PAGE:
Campaign launched to delist PKK as a terrorist organisation
A major drive is being launched on Saturday to delist the Kurdistan Workers’ Party (PKK) as a terrorist organisation, to mark the 43rd anniversary of its founding.

Such a move is “an essential step in bringing peace and democracy to Turkey and the Middle East,” a PKK official told the Morning Star on Friday.
“The PKK is not a terrorist organisation,” he insisted. “We have the right to defend ourselves and the Kurdish people against Turkish fascism and fight for our [Kurds’] right to exist.
“The campaign to delist the PKK is an important one, and we hope that it is successful too.”
Celebrations are to be held in Qandil and across Kurdistan to mark the founding conference of the PKK in 1978, in the village of Fis, south-east Turkey.
In statement, the PKK paid tribute to those who have lost their lives in the Kurdish liberation struggle and wished “success to all those who are fighting for freedom and democracy.”
The resistance movement said that the struggle of the PKK had “guaranteed the existence and freedom of the Kurdish people, and saved humanity from a new genocide.
“Everyone accepts this fact today, except those who are sworn enemies of the Kurds and PKK.”
It paid particular attention to the war being waged by Turkey in Iraqi Kurdistan, where its six-month military operation has failed to make ground.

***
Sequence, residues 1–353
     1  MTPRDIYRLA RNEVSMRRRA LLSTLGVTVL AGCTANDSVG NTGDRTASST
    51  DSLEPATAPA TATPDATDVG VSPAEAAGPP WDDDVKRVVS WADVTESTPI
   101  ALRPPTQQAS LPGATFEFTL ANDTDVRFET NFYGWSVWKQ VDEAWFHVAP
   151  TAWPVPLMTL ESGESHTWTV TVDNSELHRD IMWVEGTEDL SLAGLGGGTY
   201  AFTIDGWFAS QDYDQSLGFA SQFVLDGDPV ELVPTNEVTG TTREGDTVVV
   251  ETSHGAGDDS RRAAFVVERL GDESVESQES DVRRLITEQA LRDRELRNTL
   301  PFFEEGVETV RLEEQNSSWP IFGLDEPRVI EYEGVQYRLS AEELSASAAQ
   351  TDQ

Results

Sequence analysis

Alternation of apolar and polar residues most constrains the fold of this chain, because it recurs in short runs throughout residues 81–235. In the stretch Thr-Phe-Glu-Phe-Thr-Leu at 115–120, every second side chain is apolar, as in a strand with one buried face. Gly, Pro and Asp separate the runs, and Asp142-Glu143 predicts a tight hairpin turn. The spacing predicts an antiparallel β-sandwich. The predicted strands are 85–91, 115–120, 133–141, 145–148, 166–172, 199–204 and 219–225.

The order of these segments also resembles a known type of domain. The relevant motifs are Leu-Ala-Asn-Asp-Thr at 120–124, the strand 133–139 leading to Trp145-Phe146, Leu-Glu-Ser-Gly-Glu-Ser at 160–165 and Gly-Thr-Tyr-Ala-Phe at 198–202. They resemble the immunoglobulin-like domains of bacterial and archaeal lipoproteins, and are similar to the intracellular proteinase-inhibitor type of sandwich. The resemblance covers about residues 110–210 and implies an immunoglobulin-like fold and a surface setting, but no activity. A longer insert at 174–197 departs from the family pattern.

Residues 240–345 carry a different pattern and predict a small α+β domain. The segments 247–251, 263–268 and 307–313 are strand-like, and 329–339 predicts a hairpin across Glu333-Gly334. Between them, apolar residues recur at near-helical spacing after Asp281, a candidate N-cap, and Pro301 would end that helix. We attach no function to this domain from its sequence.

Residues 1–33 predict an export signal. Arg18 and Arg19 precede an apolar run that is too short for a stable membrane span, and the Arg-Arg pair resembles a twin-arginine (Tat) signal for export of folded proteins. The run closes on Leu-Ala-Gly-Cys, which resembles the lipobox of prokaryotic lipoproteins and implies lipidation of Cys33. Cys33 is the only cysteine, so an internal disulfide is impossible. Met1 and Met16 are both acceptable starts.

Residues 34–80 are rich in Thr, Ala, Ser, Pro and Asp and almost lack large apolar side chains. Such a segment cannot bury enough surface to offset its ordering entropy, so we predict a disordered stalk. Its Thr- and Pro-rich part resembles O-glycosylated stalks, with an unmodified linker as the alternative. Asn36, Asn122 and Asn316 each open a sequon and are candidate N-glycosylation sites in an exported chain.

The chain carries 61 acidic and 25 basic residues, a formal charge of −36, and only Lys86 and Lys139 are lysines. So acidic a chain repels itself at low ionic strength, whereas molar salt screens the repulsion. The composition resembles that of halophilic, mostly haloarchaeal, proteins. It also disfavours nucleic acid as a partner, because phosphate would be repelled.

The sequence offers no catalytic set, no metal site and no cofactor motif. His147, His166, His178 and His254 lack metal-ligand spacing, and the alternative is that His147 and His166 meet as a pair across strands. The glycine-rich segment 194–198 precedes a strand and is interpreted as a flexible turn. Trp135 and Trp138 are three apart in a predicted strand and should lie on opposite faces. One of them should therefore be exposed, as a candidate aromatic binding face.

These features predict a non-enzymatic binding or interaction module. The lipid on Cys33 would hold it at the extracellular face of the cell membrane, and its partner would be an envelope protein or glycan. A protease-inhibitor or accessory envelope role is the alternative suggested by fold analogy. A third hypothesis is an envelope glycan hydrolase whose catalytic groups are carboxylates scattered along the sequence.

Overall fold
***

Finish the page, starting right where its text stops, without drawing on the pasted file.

It accused the United States, Turkey and the Kurdistan Democratic Party of colluding in “a planned all-out attack in order to destroy and liquidate the PKK.”
This has seen a litany of war crimes committed in the region, including the bombing of a hospital and a UN-administered refugee camp, as well as the alleged use of chemical weapons.
But the “heroic resistance” of the guerilla fighters has repelled such attacks and prevented a further massacre of the Kurdish people, the PKK said.
The campaign to delist the PKK was given a boost by news that the US is set to remove the Revolutionary Armed Forces of Colombia from its international terror list.
The PKK was officially designated by the US as a terrorist organisation at the turn of the century — a move seen by the party’s supporters as an opportunistic attempt to appease Turkey as Washington sought to secure global support for its burgeoning “war on terror.”
Turkey and the European Union have also branded it a terrorist organisation. But a landmark ruling by Belgium’s Supreme Court in January 2020 suggested that its application of the label was erroneous, and that it had been done for political reasons.
The judgement, made after years of legal wrangling and objections from Ankara, found that the PKK was a party engaged in a non-international armed conflict, making it subject to the laws of war and not to criminal law.
Speaking on efforts to have the PKK delisted as a terror organisation, lawyer Jan Fermon said: “There is no doubt that the PKK meets all the criteria that allow it to be considered as a political-military organisation which carries out an armed struggle against Turkish security services, army and authorities, towards the realisation of the right to self-determination of the Kurdish people.”
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